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the court finds that Plaintiffs have shown good cause and therefore GRANTS their motion. But, the court will allow Internet Service Provider Off Campus Telecommunications an opportunity to move to quash the subpoena because Plaintiffs' motion is brought ex parte. Under Rule 26(d) "a party may not seek discovery from any source before the parties have conferred as required by Rule 26(f)." 5 The traditional sequence of discovery may, however, be altered by the court in the exercise of its broad discretion. But, the party seeking expedited discovery in advance of a Rule 26(f) conference bears the burden of showing good cause for departing from the usual discovery procedures. 6 Good cause exists "where a party seeks a preliminary injunction . . . or where the moving party has asserted claims of infringement and unfair competition." 7 Additionally, good cause is also found "where physical evidence may be consumed or destroyed with the passage of time." 8 Plaintiffs in this action are record companies who own copyrights to some of the most popular sound recordings in the United States. In their complaint Plaintiffs allege Defendants committed violations of federal copyright law. 9 This was allegedly done via an online media distribution system largely using peer-to-peer or P2P networks. Peer-to-peer networks allow users' computers to communicate directly with each other without using a central server. In these networks files are often available on different computers which make requesting and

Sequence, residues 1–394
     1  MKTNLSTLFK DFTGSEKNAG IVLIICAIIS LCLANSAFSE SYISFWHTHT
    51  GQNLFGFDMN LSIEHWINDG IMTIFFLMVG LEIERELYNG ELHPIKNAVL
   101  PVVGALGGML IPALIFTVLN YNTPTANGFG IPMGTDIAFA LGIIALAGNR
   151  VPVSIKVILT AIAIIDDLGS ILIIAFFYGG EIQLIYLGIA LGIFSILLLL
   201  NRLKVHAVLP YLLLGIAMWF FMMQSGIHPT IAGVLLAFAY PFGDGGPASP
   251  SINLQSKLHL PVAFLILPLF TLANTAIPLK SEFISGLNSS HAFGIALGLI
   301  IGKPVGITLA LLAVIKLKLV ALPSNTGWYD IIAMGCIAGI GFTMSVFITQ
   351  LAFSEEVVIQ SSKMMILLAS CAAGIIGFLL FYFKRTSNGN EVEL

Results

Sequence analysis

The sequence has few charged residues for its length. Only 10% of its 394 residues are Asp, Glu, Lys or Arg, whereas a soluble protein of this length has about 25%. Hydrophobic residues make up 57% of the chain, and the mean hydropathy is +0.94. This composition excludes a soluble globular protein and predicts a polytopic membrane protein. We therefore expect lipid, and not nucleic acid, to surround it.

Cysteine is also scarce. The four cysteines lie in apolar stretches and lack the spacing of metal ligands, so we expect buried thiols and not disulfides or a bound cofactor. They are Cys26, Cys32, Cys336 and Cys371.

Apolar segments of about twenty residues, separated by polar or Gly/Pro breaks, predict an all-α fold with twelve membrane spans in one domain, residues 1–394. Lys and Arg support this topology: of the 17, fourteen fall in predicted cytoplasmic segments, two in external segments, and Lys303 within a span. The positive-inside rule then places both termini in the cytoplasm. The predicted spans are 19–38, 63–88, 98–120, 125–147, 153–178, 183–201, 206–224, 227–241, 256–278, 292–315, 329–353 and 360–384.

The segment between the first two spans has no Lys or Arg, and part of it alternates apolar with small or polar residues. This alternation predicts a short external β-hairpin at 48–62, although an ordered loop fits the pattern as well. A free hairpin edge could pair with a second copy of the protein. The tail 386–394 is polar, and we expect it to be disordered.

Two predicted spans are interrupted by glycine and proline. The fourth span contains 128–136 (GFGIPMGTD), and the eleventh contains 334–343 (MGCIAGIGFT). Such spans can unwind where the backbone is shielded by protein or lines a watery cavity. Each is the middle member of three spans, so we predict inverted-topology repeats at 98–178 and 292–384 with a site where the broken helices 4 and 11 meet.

Inc. 5 Fed. R. Civ. P. 26(d). 6 See Pod-Ners, LLC v. Northern Feed & Bean of Lucerne, LLC, 204 F.R.D. 675, 676 (D.Colo.2002). 7 Qwest, 213 F.R.D. at 419. 8 Id. 9 See 17 U.S.C. § 101 et seq.